Veering Towards the Edge
Knowing your audience keys the usefulness of a column like this. Even though I fancy myself a bit of a misanthrope, I have lived in the Lamorinda area more than a dozen years and do venture out from time to time. Observing and interacting with the good people that inhabit this charming part of the world, I trust, will help me provide apt recommendations to those very same people.
Knowing full well that I should shy away from anything too controversial, I, at the same time, have no desire to pander. It’s in that spirit, then, that I write this first column of the New Year. The recommendations that follow come from an unexpected and unconventional place but will still manage to hold your interest.
Every once in a while, a director ventures out of the familiar to make a film that seems to contradict what we’ve come to expect. The most famous example would be Alfred Hitchcock who, apart from his usual, more suspenseful films, made a domestic comedy (Mr. & Mrs. Smith), an almost silly comedy of manners (The Trouble With Harry) and even a historical drama (Jamaica Inn). You could even argue that his Topaz has all the markings and plot beats of a James Bond film.
It’s two other directors, however, who I wish to call to your attention. Though their output is fraught with themes of a decidedly adult nature, they have also made movies that still have their unmistakable stamp of style while being totally accessible for everyone. And, both deserve their PG ratings!
Starting chronologically, let’s talk about Ken Russell. I’ve mentioned him before and have long admired his work, from his films about famous classical composers’ lives to his more visceral works such as The Devils and Lair of the White Worm. I’ve even mentioned The Boy Friend in the past, which I still think worth seeking out.
Here, however, I call your attention to Tommy (1975). Many will remember this as one of the first “conceptual” rock albums in that it’s not an unconnected collection of songs by The Who, but one that tells a story with a beginning, middle and end. Performed on stage from 1969, like Pink Floyd’s The Wall (itself a pretty impressive movie), it made a stunning film. Bearing all the trademark Russell excesses, it features Ann-Margaret and Oliver Reed with cameos by The Who, Tina Turner and Elton John.
Roger Daltrey assays the title role but it’s the visuals that dominate. This, with the music, propels this movie forward with nary a quiet moment to catch your breath. And, fair warning, if you think you’ll be watching something that’s, in any way, conventional, then you’re in for quite the surprise. Russell doesn’t do “conventional.” So, if you’re open for something challenging, Tommy should work for you.
Another distinctive director, David Lynch, never shies away from anything. Though surreal might be the most common word used to describe his films – besides descriptors like violent, carnal and frightening – I’m glad to report that there’s absolutely none of that in A Straight Story.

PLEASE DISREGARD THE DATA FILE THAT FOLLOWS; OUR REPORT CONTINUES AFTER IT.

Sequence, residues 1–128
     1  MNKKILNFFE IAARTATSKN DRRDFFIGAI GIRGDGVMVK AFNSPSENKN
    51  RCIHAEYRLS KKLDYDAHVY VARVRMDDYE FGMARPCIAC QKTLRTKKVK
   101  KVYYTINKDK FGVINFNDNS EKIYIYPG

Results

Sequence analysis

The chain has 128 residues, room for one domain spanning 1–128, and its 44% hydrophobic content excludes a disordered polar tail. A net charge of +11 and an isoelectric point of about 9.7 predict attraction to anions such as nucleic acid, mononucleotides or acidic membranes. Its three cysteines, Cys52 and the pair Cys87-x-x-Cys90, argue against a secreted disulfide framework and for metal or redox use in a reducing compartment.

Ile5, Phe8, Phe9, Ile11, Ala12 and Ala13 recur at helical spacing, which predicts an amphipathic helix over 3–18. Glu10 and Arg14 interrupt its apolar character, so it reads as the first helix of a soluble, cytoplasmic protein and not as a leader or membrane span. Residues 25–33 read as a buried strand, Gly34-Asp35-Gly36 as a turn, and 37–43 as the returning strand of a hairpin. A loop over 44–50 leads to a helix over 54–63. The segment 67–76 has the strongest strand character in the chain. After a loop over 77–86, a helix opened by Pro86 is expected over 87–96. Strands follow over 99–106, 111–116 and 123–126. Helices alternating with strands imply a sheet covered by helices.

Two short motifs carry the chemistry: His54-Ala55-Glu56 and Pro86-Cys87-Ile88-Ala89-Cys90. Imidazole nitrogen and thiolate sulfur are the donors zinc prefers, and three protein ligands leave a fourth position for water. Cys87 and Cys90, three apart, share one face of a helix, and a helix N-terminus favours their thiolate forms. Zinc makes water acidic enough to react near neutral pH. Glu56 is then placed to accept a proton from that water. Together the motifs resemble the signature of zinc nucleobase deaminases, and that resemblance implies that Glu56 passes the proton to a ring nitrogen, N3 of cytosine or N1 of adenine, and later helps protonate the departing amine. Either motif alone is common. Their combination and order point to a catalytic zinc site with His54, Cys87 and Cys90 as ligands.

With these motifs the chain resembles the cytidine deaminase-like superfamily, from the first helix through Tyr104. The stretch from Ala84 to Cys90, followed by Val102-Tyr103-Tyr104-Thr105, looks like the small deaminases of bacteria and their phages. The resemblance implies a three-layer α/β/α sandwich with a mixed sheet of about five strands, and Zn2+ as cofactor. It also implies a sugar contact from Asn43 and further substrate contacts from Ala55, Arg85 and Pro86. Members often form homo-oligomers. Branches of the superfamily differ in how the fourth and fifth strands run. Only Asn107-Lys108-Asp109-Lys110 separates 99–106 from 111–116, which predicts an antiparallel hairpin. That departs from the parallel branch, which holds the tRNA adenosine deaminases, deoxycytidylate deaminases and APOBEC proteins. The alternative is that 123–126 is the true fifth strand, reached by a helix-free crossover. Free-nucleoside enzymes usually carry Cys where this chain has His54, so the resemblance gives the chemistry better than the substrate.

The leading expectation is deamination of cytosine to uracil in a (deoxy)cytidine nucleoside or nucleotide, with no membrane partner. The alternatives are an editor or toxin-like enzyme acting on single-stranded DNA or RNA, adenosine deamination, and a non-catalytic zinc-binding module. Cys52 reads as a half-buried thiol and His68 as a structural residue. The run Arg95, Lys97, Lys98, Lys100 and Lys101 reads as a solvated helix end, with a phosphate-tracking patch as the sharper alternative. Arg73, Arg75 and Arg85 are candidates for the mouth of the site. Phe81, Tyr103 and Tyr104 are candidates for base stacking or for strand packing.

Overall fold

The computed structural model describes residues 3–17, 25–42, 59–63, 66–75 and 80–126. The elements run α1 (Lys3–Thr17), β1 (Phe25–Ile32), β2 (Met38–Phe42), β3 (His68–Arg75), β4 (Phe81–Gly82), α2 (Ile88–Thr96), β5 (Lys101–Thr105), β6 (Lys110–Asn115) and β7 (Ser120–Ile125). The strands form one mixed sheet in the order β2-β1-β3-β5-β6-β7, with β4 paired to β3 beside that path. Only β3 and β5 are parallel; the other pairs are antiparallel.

Indeed, as far as I can tell, this may be the only Lynch film the Motion Picture Association rated G. Moreover, further proving its a typicality, Disney Studios distributed it! Based on actual events, it tells a story about an elderly gentleman who, hearing that his estranged brother has suffered a stroke, resolves to visit him, possibly for the last time. Himself in failing health and unable to drive, he uses a motorized lawnmower to make the cross-country journey. This gentle tale features tender performances by Richard Farnsworth and Sissy Spacek. Some might have a hard time with the film’s laconic pace, but those who appreciate Lynch’s style, especially his ability to find wonder in the ordinary, will be rewarded. Beauty, wisdom and kindness run through this film, along with a little poignancy. It’s well worth your time.
On the local front, it’s probably common knowledge by now that the Orinda Theatre has closed its doors for the foreseeable future. This tragedy, brought about out of necessity to be sure, bears further mentioning, if for no other reason than to always keep Orinda’s gem in mind. The theatre’s Facebook page (facebook.com/orindatheatre) remains active, as does its fundraising page (gf.me/u/y2rv6q). I know at least some of you check in on these resources from time to time. If I can entreat you to encourage others to do so, it will help ensure the theater’s eventual re-opening.
And let’s not forget the International Film Showcase. Jo Alice and Efi continue with their virtual cinema program (internationalshowcase.org), currently the only game in town. Your patronage can only be seen as a good thing.
So, I leave you for another month. I wish all of you the very best in the months to come, and, as always, urge you to keep watching those wonderful flickering images of light, for that is where the reel magic lies.